You start with a narrow section across the top of the shoulder (centered on the seam) and then work to about ⅓ down the sleeve. The fabric builds outward as it goes down, so if you have too many stitches it can result in a really big shoulder. I once made a sweater where my row gauge was slightly off, and I had to pick up more than the suggested number of in the armhole. My first sleeve cap was huge, and made me look like I was wearing (North American) Football padding on my arms. To correct this, I had to work one round of major decreasing before starting the short rows.

Short Row Sleeve Cap references:
- https://dailyskein.wordpress.com/2009/11/25/short-row-sho...

One of the sweaters Joan was looking at is the Grotto Nymph, by Holli Yeoh. This one is quite fitted up to the underarm, and then fits snugly around the shoulder thanks to some creative shaping - if you know Holli, this attention to detail is typical of her style.

It might be a little more difficult to add sleeves to this top, especially because of the lace patterning on the one side. I think you would want to consider making the armhole a little deeper, and then picking up stitches around the armhole to make a short row sleeve cap. You might have to play around a bit to find the right stitch count to get the look you need.

Adding sleeves sometimes requires a little trial and error, so be prepared to try it a few times before you get lucky with the result.

00:55:04 Store News

Knit City Knit-A-Long
Knit a Sweater or Shawl to wear to Knit City (over 500m used)
To enter, check out the Vendor’s List for Knit City. You need to use yarn from one of the vendors OR a pattern from one of the vendors or teachers who are coming:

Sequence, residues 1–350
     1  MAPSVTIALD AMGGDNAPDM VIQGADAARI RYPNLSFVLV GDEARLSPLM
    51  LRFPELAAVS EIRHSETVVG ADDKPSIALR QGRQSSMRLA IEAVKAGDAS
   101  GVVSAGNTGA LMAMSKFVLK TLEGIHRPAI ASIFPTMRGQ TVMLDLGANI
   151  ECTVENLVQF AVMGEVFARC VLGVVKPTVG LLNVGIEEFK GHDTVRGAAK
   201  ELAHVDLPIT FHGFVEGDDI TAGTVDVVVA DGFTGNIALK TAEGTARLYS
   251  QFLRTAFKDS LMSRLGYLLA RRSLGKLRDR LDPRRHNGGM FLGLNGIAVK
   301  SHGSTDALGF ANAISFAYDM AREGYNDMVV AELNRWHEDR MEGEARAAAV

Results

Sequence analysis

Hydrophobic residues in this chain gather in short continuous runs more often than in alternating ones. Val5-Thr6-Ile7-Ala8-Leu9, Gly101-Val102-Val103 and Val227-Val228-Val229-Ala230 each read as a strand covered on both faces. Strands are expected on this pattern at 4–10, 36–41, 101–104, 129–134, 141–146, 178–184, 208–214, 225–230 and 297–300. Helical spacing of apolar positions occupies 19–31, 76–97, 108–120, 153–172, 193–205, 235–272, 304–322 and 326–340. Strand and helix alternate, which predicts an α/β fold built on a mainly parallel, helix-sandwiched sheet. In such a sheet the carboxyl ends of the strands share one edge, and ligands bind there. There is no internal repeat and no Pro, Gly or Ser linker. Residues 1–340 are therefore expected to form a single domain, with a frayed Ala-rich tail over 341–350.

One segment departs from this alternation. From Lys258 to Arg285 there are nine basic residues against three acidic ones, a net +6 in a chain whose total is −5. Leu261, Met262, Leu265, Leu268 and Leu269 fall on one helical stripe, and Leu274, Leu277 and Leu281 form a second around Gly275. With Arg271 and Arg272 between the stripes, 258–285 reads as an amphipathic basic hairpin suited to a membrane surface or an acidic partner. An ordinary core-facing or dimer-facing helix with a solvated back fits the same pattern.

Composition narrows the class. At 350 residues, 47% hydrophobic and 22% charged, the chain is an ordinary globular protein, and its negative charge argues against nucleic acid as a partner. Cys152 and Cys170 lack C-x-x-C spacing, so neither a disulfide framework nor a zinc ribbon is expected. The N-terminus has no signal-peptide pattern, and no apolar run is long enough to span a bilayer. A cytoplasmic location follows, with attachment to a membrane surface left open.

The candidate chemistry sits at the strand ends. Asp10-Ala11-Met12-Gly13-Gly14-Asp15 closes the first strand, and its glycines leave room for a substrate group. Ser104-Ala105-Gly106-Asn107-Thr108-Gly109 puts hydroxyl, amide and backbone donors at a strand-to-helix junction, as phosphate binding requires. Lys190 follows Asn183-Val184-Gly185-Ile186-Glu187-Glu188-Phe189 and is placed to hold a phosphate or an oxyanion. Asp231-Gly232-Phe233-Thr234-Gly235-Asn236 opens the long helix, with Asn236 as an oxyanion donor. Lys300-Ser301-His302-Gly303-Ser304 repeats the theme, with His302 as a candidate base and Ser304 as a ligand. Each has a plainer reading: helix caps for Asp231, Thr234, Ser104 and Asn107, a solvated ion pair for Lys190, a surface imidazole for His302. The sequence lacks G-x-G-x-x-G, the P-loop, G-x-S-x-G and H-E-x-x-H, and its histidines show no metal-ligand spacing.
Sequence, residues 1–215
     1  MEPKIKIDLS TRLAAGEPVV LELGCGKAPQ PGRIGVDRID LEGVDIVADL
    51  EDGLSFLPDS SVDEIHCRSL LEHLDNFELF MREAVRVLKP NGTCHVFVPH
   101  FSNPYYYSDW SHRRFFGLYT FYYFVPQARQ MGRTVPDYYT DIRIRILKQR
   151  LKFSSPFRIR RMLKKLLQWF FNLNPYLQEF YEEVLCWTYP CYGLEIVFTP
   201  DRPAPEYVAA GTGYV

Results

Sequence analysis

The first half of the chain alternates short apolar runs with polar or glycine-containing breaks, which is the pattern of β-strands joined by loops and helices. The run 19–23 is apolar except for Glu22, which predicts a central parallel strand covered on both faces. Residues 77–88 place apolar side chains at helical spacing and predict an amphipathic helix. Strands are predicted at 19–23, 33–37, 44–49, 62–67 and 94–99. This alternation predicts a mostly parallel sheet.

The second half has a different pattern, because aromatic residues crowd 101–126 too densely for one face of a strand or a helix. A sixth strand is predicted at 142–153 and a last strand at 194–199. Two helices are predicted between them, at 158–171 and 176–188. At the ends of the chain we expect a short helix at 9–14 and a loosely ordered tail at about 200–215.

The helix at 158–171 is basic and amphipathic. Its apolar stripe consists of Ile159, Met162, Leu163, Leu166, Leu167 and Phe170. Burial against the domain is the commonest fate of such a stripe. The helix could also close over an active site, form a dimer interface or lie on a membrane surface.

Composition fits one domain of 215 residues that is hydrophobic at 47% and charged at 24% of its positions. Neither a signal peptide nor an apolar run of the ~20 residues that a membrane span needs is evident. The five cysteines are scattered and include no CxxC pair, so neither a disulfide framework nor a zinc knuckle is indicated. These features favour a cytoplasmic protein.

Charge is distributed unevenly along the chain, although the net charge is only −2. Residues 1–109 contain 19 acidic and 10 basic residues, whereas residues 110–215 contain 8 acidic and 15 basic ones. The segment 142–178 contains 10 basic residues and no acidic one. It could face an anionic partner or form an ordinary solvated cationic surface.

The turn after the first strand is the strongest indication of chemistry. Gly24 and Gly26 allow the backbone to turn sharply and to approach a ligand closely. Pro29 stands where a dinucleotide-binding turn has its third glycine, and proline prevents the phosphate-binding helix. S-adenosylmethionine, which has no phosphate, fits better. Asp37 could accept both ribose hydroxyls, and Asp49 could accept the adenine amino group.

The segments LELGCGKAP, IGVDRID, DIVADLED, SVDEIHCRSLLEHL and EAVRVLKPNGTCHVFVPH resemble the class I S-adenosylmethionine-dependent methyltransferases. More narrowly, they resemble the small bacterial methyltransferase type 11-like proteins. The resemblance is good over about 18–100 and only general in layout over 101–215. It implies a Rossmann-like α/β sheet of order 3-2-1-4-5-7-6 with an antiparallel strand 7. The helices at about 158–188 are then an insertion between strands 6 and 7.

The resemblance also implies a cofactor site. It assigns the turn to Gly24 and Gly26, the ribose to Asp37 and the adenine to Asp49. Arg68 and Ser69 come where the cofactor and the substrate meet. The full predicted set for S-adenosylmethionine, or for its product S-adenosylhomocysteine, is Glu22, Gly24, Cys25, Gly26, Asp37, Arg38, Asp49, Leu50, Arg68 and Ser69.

Andrea Mowry, Tin Can Knits, Josee Paquin, Puzzle Tree Yarns, Crafty JAKs, Julie Asselin, etc.
aA secret: Holst Garn counts because we always bring Holst to Knit City! ;)
Starts June 15th, ends on October 5th (Knit City Day 1!)
We will put up a thread for conversation; the FO thread will go up in a few weeks.

Stash Dash 2019
Stash dash ended on August 24th.
Glenda’s stash dash total: 6031m
Kelsey’s stash dash total: 2,815m

WCW Knit & Crochet Bingo!
We have taken down the Bingo boards; if you still want to register, email us for a bingo board. You need to declare your challenges when you register.

August Bingos are due in by Saturday Night.

All the details about our #wcwbingoalong are available in our Ravelry group, the Wet Coast Woolies.

Our New Knitted Knocker KAL/CAL Starts on Sunday, September 1st!

In preparation for Breast Cancer Awareness month in October, we are partnering with the West Coast Knitters’ Guild to host a Knitted Knocker-a-Long in September.

Knitted and crocheted knockers are a handmade alternative to breast prosthetics. Made from 100% cotton, the knockers are lightweight, soft, and in some cases more wearable that other alternatives. For more information, visit Knittedknockersofcanada.com, or KnittedKnockers.org.

We encourage everyone to knit or crochet a pair of Knitted Knockers and donate them to a local organization - we will collect them here at the store if you are in Vancouver. Knitted Knockers of Canada would prefer that you make the knockers with a soft cotton like Cascade Ultra Pima. You can use any colour (or combination of colours) that you like. We will link to the patterns in our thread - for Canadian Knocker, I understand that the nipple-less knocker option is preferred.

Please note: you do not need to stuff the Knockers. Thread the end of your yarn through the last round of live stitches, and then bring them in. Knitted Knockers will provide the stuffing, and they are usually left untied, so that women can remove or add stuffing as necessary.

There are Knitted Knocker groups all over the world, so if you want to take part and live outside of Canada or the US, please contact a local group and make sure that your knockers meet their requirements for patterns, materials, etc. (The .org site has a list of international groups)

We will open a thread for our part of the KAL/CAL. If you are a West Coast Knitters’ Guild Member, I believe the KAL will be discussed at the meeting on Tuesday.

We have a couple of prizes to give away for this KAL, thanks to Estelle Yarns of Canada for the donation. One will be for general participation, and we haven’t decided on how the second one will be awarded. :)